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Publishers Weekly Review
"Never trust a human." Those are the last words of cane toad Limpy's Uncle Preston, "the ones he'd said just before he was flattened by a funeral procession," in Australian writer Gleitzman's (Two Weeks with the Queen) hilarious dark comedy. In fact Limpy has watched countless relatives get run over by highway traffic and, out of deference, rolls up their dried bodies, takes them home and stockpiles them ("Well, don't just leave him lying around in your room," says Limpy's Mum on one such occasion. "That room's a pigsty. I'm tired of tidying up dead relatives in there"). Not content to accept his parents' explanations for his family's advanced mortality rate (all the really nutritious flies hang out near the highway), Limpy is convinced that humans hate cane toads, and he sets off on a farflung journey to find a human being and determine the cause of their enmity. Despite his dearly departed uncle's admonition, Limpy discovers that humans might not all be so bad, as he falls in with a female athlete who, he believes, will help him apply to become an Olympic Games mascot. While the book was originally published for the Sydney Olympics in 2000, and some of the humor has to do with native Aussie animals' hurt feelings at being rejected as mascots, most of the comedy should travel well. Saucy fun from start to finish. Ages 8-12. (Apr.) (c) Copyright PWxyz, LLC. All rights reserved
School Library Journal Review
Gr 3-6-Author Morris Gleitzman's smooth Aussie-accented voice deftly narrates this story (Random, 2004) about a young cane toad's daring quest to change humankind's hatred for his species. After watching one of his favorite uncles deliberately flattened beneath the wheels of a car, Limpy (so-named for a bum leg which was "a bit squashed" after his own unlucky run-in with a car) sets off to find a way to reverse the human view of cane toads. The gross-out humor and short chapters make this an ideal choice for boys and reluctant readers. Kids might need a little help with some of the Australian dialect (e.g. "petrol station"), but they will delight in the tale and cheer on this unlikely hero.-Jennifer Iserman, Dakota County Library, Burnhaven Branch, Burnsville, MN (c) Copyright 2010. Library Journals LLC, a wholly owned subsidiary of Media Source, Inc. No redistribution permitted.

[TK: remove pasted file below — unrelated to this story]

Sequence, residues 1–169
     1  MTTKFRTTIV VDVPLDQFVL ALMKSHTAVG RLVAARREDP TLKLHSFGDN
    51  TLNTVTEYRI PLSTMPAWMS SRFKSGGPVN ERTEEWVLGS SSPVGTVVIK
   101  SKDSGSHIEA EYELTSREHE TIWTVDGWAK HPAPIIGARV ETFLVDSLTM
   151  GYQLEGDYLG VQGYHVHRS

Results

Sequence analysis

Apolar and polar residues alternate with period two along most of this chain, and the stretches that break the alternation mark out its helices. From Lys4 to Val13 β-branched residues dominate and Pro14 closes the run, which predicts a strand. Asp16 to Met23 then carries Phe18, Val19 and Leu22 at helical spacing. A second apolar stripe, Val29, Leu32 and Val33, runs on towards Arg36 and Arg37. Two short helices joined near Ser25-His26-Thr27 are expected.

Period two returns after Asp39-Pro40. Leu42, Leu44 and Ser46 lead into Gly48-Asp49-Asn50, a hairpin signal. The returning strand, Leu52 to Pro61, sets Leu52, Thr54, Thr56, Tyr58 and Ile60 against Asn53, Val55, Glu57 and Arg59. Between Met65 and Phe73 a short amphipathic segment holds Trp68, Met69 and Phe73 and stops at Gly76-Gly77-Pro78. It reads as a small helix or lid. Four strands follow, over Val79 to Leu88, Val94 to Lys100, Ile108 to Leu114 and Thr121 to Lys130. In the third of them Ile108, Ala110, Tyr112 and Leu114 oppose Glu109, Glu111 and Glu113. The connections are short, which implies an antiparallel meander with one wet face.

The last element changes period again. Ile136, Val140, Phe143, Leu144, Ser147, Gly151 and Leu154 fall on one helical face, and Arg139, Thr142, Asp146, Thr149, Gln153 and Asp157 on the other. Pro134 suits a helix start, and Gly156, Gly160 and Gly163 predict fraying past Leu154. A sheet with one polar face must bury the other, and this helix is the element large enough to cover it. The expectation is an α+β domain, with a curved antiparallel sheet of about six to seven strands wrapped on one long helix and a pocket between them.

Gr. 3-6. In this amusing Australian import, readers get an amphibian's perspective on road kill. Limpy, a young cane toad, is horrified at how many of his family members have tragically died, flat as a pancake, on the road. He cannot understand why humans seem to go out of their way to run over toads. Desperate to save the rest of his family from the wheels of passing cars, Limpy decides he must do something to close the rift in human-toad relations, and he embarks on a risky campaign to show humans how nice cane toads can be. This funny tale of one toad's bold quest to reach out to another species will give readers plenty of laughs. --Ed Sullivan Copyright 2004 Booklist
Horn Book Review
Satire involving the mascots of the Sydney Olympic Games perhaps won't travel well, but this animal fantasy about a persevering cane toad still scores some points. Limpy--his nickname the result of an unfortunate encounter on the highway--wants to know why human beings seem to hate his kind. Gleitzman is wicked in this send-up of the animal-quest genre, which has at its heart some tough questions about prejudice. (c) Copyright 2010. The Horn Book, Inc., a wholly owned subsidiary of Media Source, Inc. No redistribution permitted. All rights reserved.
Kirkus Book Review
Ugliness may be only skin deep, but that turns out to be deep enough in this droll odyssey from Down Under. Puzzled as to why humans seem willing to go out of their way to turn any of his species that they catch into roadkill, Limpy, a cane toad, leaves off his morbid hobby of collecting flattened relatives to discover why--and put a stop to it. After several harebrained schemes, including a campaign to have cane toads declared Official Olympic Mascots, come to naught in hilariously chaotic fashion, he organizes a Nonhuman Games for crocodiles, fleas, kangaroos, and other failed mascot contenders--only to be declared too hideously warty to participate. In the end, Limpy does nothing for his species' image, but returns to his roadside swamp a hero nonetheless, having learned a quick method of escaping oncoming motorists from a human pole vaulter. Along with a plot filled with hair's-breadth escapes and silly turns, this toad's-eye view of human society provides both solid entertainment and a barbed commentary on the importance of looks. Worth a squiz. (Aussie glossary) (Fiction. 10-12) Copyright ©Kirkus Reviews, used with permission.